Insurrection? Sedition? Unpacking the Legal Issues From the Capitol Riot
(Bloomberg) -- In the days since President Donald Trump’s supporters ransacked the U.S. Capitol, resulting in five deaths, prosecutors have been talking about potential charges that to many Americans sound arcane, such as sedition and seditious conspiracy. Lawmakers meanwhile voted to impeach the president for something called incitement of insurrection. The unprecedented events that shocked Americans and the rest of the world require some legal unpacking.
1. What is incitement of insurrection?
The 14th Amendment of the U.S. Constitution prohibits the president from engaging in insurrection or rebellion against the U.S. Trump spoke before a crowd of supporters Jan. 6, telling them -- fallaciously -- that he had won the election and that “if you don’t fight like hell you’re not going to have a country anymore.” He urged them to march to the Capitol where lawmakers were counting electoral votes to ratify Joe Biden as the winner. The crowd did, and stormed the building, overrunning the Capitol police who tried to keep them back, and temporarily halting the vote count. Thus, the House said, Trump violated the 14th Amendment by inciting violence against the government.
2. What’s the penalty?
If convicted on the impeachment count after a trial by the Senate, he would be removed from office. The Senate may also hold a separate vote on barring Trump from ever running again for federal office, which would require only a majority, as opposed to the two-thirds needed for impeachment.
3. Could Trump face criminal charges?
Inciting others to insurrection or riot is a federal crime, but the Justice Department would have to charge him separately. That’s unlikely, according to Frederick Lawrence, a lecturer at the Georgetown University Law Center. Not only would prosecutors have to prove Trump intentionally whipped up his supporters, Lawrence said, but also that he intended for them to break into the Capitol, loot and cause bodily harm. A further complication is a 1969 Supreme Court precedent that shields inflammatory speech under the First Amendment unless it’s aimed at “imminent” lawless behavior. And there’s the possibility -- untested -- that Trump could grant himself a pardon before leaving office.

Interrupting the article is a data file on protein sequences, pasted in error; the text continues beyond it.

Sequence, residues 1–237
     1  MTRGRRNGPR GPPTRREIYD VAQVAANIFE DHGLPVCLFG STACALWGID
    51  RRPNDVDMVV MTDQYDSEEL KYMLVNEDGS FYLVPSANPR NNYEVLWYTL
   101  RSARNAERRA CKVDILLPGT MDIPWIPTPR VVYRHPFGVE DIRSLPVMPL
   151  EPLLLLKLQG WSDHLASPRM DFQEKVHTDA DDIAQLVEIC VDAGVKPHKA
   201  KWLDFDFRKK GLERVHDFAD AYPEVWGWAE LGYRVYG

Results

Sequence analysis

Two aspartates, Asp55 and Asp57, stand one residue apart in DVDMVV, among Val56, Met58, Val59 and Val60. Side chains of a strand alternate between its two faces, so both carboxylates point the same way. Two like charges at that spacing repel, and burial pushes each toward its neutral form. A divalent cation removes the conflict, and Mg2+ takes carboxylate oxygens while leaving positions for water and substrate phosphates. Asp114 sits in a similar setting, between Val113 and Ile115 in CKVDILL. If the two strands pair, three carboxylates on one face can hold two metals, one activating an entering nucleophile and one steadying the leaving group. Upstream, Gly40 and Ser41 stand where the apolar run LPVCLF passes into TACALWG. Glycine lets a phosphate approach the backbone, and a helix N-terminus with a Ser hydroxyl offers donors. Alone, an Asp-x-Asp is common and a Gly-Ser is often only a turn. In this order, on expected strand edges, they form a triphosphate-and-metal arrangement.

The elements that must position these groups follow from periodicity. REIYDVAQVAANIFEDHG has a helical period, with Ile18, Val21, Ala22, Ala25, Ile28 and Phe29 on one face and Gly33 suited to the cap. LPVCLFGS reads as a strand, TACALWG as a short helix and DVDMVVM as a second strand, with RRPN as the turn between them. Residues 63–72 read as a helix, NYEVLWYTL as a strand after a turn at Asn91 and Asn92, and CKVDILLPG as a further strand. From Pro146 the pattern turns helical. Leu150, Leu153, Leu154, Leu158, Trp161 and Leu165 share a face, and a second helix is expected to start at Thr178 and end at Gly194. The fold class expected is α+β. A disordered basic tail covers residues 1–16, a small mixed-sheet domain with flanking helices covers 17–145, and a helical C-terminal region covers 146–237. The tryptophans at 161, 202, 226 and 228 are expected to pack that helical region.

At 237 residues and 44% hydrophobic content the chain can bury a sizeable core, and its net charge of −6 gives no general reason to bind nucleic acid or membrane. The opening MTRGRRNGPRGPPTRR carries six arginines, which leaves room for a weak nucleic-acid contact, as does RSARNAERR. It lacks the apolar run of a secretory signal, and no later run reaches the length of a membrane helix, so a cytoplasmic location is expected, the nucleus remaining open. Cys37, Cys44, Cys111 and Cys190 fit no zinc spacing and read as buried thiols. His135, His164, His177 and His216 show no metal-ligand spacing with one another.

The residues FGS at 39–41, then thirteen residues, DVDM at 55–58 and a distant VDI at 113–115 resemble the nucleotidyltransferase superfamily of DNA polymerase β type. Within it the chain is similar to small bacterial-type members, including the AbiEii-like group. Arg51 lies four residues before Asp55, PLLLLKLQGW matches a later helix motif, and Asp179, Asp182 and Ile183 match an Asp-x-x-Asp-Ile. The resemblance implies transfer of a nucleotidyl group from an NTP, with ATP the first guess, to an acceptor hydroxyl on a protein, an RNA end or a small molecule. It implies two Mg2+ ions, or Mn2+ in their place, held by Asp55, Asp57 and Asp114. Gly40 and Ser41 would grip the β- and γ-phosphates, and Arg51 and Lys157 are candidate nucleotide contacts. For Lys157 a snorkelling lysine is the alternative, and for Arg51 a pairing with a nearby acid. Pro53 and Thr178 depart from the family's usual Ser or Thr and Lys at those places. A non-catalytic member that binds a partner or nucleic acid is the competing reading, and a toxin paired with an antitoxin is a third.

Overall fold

4. What about the rioters?
Dozens of rioters have already been charged, mostly with misdemeanors such as trespassing that carry a maximum sentence of a year in prison. But Michael Sherwin, Acting U.S. Attorney in the District of Columbia, said prosecutors also are looking to charge some with sedition and seditious conspiracy, felonies that could result in 20-year prison sentences. “We look for the most simple charge that we can file as quickly as possible,” Sherwin said. Additional charges can follow, he said, adding that prosecutors have already started to present more significant felony charges to grand juries that can return indictments.
5. So what’s seditious conspiracy?
Simply put, sedition is trying to overthrow the government through word or deed. It’s different from treason, which is aiding the enemies of the U.S. The crime of sedition is often brought as seditious conspiracy, which involves two or more people conspiring “to overthrow, put down, or to destroy by force the Government of the United States.” That was the charge filed against 14 white supremacists in 1987 and against the terrorists behind the 1993 World Trade Center bombing. Protesting is not sedition, but a prosecutor could try to make a case that the rioters who stormed the Capitol to stop the government from working thereby sought to overthrow it, said Richard Kaplan, a criminal defense lawyer with Kaplan Marino in Beverly Hills. “The big question is how organized was this?”
6. What would they have to prove?
Intent is important. Prosecutors will look at communications, social media and texts to try to show that the rioters planned to storm the Capitol and stop Congress from verifying the Electoral College vote, Kaplan said. Many of those charged likely will argue they were caught up in the moment and had no prior intent, Kaplan said. Prosecutors also could try to pressure rioters facing more serious charges, such as bringing guns into the Capitol, to cooperate and testify against possible co-conspirators to avoid a stiff sentence, Lawrence said.
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